Land Line's humble beginnings: 1975
The first issue of Land Line was a scant eight pages

In 1975, two years after truckers in the United States shutdown across the country, OOIDA's budding membership had dipped from 3,000 truckers to 30. Tensions resulting from the fuel crisis had eased, and truckers were going back to work. Satisfied that their urgent problems were behind them, the early members had effectively forgotten about the need for a strong owner-operator trucking organization.

But OOIDA, while struggling to stay afloat, devised a game plan.

Jim Johnston took over as president of the association during that lean year, admitting that "there wasn't a whole lot of competition for the job." Realizing that perhaps the association's message wasn't being made known to all truckers, the association decided that they'd need something to help spread the word - a publication to document the efforts of OOIDA.

The result was Land Line Magazine. Packed full of news and editorial copy that was of particular interest to independent truckers, the first few issues helped to shape the future of the association and the means by which important data was passed on to its members.

The first issue of Land Line was a scant eight pages. Put together by a staff of four people, only 5,000 copies were printed. They were mailed by hand. Roughly 10,000 copies were printed for the second issue. At 16 pages, it was twice as long as its predecessor. The third saw 25,000 copies of the 20-page magazine printed.

Volume 1 issue 3 is the oldest copy of the magazine within Land Line's archives. Included is Johnston's column (still present today under the heading "issues and positions"). In it, he emphasizes the importance of the magazine to drivers everywhere.

"The purpose of this publication is to keep you, the owner-operator and independent trucker abreast of changes in the rules," he states. "And to keep you up to date on your association's efforts to improve your future by seeing that your best interests are represented and considered in any and all changes that are made."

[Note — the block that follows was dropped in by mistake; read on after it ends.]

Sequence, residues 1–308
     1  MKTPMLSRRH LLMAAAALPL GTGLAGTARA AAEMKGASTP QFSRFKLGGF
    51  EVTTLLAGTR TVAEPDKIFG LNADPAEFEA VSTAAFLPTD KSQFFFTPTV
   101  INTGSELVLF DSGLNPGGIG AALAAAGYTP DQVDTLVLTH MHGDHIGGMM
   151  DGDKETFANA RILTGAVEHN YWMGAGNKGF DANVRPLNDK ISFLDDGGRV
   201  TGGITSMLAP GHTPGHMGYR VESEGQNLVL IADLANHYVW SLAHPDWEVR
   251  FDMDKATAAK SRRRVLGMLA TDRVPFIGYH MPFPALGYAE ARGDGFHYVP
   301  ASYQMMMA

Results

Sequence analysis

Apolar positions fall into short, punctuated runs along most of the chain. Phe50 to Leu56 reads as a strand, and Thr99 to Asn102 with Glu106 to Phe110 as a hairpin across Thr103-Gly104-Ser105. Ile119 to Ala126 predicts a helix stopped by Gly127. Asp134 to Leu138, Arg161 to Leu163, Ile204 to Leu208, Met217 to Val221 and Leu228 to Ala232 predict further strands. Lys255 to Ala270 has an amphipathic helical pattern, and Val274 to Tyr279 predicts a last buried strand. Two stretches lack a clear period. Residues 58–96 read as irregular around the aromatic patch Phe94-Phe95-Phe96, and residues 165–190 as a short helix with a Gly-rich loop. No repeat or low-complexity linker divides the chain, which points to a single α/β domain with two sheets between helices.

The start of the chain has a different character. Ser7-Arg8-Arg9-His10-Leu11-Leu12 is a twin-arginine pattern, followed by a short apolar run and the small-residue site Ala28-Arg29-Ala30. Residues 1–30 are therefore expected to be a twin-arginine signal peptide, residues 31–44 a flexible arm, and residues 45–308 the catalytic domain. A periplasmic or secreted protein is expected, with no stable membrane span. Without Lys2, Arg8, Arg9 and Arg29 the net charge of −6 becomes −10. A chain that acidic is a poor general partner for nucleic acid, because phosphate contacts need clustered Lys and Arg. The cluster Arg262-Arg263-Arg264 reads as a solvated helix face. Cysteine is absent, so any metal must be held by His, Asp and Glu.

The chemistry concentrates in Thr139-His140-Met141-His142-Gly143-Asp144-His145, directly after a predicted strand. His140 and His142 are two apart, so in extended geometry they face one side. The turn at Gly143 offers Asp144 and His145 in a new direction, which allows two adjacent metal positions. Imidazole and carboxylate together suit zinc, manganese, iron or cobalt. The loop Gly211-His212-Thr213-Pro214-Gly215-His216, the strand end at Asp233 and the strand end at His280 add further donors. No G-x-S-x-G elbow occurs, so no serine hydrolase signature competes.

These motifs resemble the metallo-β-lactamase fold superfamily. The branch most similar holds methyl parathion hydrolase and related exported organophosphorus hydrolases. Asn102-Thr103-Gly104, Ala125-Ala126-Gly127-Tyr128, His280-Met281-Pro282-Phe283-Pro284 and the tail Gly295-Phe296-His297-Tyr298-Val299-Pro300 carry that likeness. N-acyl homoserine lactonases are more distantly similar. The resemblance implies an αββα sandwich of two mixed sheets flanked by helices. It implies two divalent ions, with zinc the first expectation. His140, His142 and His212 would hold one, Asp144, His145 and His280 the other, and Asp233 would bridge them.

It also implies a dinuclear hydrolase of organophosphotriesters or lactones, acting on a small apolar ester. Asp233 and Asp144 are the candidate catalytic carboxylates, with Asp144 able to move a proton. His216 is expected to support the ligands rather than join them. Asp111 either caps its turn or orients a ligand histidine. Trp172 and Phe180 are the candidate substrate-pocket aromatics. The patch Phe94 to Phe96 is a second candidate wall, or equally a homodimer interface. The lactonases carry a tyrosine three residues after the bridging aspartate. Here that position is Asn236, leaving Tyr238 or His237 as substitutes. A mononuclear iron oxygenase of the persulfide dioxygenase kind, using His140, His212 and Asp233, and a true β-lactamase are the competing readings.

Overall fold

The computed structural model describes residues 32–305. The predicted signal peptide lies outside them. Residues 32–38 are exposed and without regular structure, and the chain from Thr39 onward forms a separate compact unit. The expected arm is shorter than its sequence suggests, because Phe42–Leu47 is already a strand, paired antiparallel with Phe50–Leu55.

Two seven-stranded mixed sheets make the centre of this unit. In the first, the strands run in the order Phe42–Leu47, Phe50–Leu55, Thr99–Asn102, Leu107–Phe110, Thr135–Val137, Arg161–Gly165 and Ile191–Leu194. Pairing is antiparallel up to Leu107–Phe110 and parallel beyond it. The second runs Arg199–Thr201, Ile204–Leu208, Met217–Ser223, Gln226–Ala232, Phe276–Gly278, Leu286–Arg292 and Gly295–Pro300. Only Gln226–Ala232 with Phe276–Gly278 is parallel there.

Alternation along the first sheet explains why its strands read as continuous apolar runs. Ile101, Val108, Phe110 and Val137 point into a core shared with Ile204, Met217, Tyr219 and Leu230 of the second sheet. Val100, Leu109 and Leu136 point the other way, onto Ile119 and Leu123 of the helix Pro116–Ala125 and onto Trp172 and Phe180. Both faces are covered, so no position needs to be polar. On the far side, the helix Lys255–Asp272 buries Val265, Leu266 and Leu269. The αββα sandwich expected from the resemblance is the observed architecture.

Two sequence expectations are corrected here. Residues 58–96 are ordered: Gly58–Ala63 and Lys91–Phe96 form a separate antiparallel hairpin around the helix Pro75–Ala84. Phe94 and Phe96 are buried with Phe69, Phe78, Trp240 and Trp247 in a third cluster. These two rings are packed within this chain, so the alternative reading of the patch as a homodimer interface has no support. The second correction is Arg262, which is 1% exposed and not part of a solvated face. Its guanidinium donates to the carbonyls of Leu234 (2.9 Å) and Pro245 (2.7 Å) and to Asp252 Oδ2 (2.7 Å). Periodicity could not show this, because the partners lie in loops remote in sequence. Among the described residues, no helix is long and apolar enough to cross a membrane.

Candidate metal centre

Some of the articles within its black and white pages include: "Radar - is it infallible?," "Will the price of gas go down?" and "DOT favors uniform adoption of 80,000 lb. weight limit."

The "new products" section of the magazine contained a portable CB case, and high petroleum grease that was "able to extend relubrication intervals (of wheel end products) from every 3,000 to 4,000 miles to every 8,000 to 12,000 miles."

After settling into a quarterly publication the following year, Land Line printed its first color cover. The illustration depicted Uncle Sam pulling the shipping, railroad, airline, and mass transit industries behind him. "The independent trucker has never asked Uncle Sam for a free ride," the caption says. "Help us keep it that way."

From day one, the magazine was free to all truckers. Johnston felt so strongly about this, that on the inside cover of the first four issues was printed the following message to its readers:

"Why is Land Line free? Because that is in line with the idea of why the association was formed: As a non-commercialized association using its resources solely for the improvement of the lives of its members, owner-operators and independent drivers everywhere. And the price of the truth, gentlemen, should be free."

Watch for further articles chronicling the history of Land Line in upcoming issues.